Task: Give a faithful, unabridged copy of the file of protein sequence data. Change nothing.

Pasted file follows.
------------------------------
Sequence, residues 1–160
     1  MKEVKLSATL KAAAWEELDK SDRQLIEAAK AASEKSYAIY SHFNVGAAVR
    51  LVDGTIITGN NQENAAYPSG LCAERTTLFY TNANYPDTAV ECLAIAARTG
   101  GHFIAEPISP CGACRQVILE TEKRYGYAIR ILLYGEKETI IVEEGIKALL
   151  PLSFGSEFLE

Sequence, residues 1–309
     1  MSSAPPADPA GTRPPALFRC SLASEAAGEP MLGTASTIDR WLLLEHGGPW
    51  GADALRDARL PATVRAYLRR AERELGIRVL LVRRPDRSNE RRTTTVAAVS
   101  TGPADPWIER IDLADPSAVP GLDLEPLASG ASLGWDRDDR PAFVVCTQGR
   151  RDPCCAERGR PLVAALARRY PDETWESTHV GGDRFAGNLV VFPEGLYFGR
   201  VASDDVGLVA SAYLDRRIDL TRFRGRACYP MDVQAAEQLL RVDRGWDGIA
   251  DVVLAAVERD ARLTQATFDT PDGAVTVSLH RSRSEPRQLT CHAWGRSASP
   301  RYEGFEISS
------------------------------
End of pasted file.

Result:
Sequence, residues 1–160
     1  MKEVKLSATL KAAAWEELDK SDRQLIEAAK AASEKSYAIY SHFNVGAAVR
    51  LVDGTIITGN NQENAAYPSG LCAERTTLFY TNANYPDTAV ECLAIAARTG
   101  GHFIAEPISP CGACRQVILE TEKRYGYAIR ILLYGEKETI IVEEGIKALL
   151  PLSFGSEFLE

Sequence, residues 1–309
     1  MSSAPPADPA GTRPPALFRC SLASEAAGEP MLGTASTIDR WLLLEHGGPW
    51  GADALRDARL PATVRAYLRR AERELGIRVL LVRRPDRSNE RRTTTVAAVS
   101  TGPADPWIER IDLADPSAVP GLDLEPLASG ASLGWDRDDR PAFVVCTQGR
   151  RDPCCAERGR PLVAALARRY PDETWESTHV GGDRFAGNLV VFPEGLYFGR
   201  VASDDVGLVA SAYLDRRIDL TRFRGRACYP MDVQAAEQLL RVDRGWDGIA
   251  DVVLAAVERD ARLTQATFDT PDGAVTVSLH RSRSEPRQLT CHAWGRSASP
   301  RYEGFEISS